First Nations Studies partners with Indigenous and other communities and individuals to build dynamic relationships that restore and revitalize traditional knowledges, ancient and modern aesthetics, languages and literatures.
As a community of learners, we connect and honour academic rigor and Indigenous perspectives through activist research, creative production, and community engagement.
First Nations Studies offers sequential, comprehensive learning rooted in traditional and contemporary aboriginal logic, methodology, practice and theory.
SFU First Nations Studies Walk for Reconciliation in September.
A Residential School Healing Journey
The Department of First Nations Studies welcomes Aboriginal artist, elder, and Residential School Survivor, Isadore Charters visiting our area in September.
Isadore is currently carving a "healing pole." The Chilliwack-area resident started carving the healing pole last year to tell the story of his eight-year experience as a Kamloops residential school student.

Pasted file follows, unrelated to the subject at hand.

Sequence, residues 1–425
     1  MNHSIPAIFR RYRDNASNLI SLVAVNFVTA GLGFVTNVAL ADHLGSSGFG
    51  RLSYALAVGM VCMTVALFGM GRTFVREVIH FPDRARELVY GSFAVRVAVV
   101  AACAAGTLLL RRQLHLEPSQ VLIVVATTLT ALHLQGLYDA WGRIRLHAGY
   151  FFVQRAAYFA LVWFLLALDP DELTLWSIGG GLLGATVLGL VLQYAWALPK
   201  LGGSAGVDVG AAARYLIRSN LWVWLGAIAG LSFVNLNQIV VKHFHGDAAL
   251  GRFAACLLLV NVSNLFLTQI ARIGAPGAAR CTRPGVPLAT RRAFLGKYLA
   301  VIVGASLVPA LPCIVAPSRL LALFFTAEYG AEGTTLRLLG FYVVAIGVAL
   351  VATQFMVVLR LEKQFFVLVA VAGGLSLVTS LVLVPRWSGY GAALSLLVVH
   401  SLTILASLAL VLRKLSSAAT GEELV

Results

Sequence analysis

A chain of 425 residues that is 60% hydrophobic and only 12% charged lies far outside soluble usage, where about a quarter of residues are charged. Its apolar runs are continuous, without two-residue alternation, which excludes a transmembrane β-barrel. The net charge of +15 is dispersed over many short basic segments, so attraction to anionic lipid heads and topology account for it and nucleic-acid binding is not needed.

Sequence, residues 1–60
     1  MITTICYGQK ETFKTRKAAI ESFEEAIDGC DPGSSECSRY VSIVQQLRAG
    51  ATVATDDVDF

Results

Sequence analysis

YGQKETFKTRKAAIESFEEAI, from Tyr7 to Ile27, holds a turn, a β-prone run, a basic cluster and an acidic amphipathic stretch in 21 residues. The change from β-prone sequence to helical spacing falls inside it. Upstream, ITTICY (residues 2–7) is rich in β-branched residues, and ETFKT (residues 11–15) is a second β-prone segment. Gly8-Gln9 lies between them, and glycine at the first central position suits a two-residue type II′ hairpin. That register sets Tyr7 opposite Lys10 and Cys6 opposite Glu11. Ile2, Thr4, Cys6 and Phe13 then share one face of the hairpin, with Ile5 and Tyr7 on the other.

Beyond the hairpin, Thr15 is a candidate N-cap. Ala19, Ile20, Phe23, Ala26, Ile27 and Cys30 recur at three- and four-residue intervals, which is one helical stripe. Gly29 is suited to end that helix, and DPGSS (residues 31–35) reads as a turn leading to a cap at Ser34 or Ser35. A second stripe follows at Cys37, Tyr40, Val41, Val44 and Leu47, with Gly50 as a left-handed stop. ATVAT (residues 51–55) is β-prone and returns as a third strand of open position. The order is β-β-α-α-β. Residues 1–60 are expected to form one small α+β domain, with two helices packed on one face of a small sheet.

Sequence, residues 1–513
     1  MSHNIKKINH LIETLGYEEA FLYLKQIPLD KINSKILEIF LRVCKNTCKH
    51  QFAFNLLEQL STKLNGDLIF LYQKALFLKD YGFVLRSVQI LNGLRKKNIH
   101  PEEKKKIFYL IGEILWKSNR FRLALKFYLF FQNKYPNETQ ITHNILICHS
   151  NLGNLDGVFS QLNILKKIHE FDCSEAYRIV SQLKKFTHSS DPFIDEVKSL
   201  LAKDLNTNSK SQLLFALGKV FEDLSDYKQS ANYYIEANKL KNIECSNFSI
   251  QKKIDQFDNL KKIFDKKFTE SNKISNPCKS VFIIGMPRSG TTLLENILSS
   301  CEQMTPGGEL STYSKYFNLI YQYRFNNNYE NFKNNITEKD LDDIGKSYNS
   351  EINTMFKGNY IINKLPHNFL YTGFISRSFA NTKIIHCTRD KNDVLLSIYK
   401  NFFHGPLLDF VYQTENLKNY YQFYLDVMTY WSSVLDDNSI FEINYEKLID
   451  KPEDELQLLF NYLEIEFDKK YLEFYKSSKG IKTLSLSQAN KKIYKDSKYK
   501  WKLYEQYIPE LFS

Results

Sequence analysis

Students met and carved with Isadore while he shared his thoughts and experiences through informal conversations.
By travelling British Columbia with his on-going piece of artwork in progress and inviting residential school survivors, their families and non-Aboriginals to discuss the pole and contribute a carving, Charters hopes to foster national healing.
Upon completion, the pole, which will be a featured attraction in upcoming Truth and Reconciliation Commission of Canada events in B.C., will be put on public display.
Isadore's visit to SFU was at the invitation of Dr. Brenda Morrison, a SFU criminologist and a Reconciliation Canada ambassador.
SFU Day for Reconciliation
To see SFU activites for Reconciliation Week, please visit
Some FNST program updates
will be effective Spring 2014.
FNS Program is now the Department
of First Nations Studies!
(Eff. Apr 1/12)
New Major Program!
First Nations Studies launches
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Fall 2013 CoursesVisit: http://www.sfu.ca/fns/courses/fall/
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Visit FNS's Peoples News
the latest happenings.
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FNST logo: Mousewoman by Juanita Ens. Photo: Author, Writer, Scholar, Thomas King with FNST students at UBC 2009.
Last updated: July 17, 2013.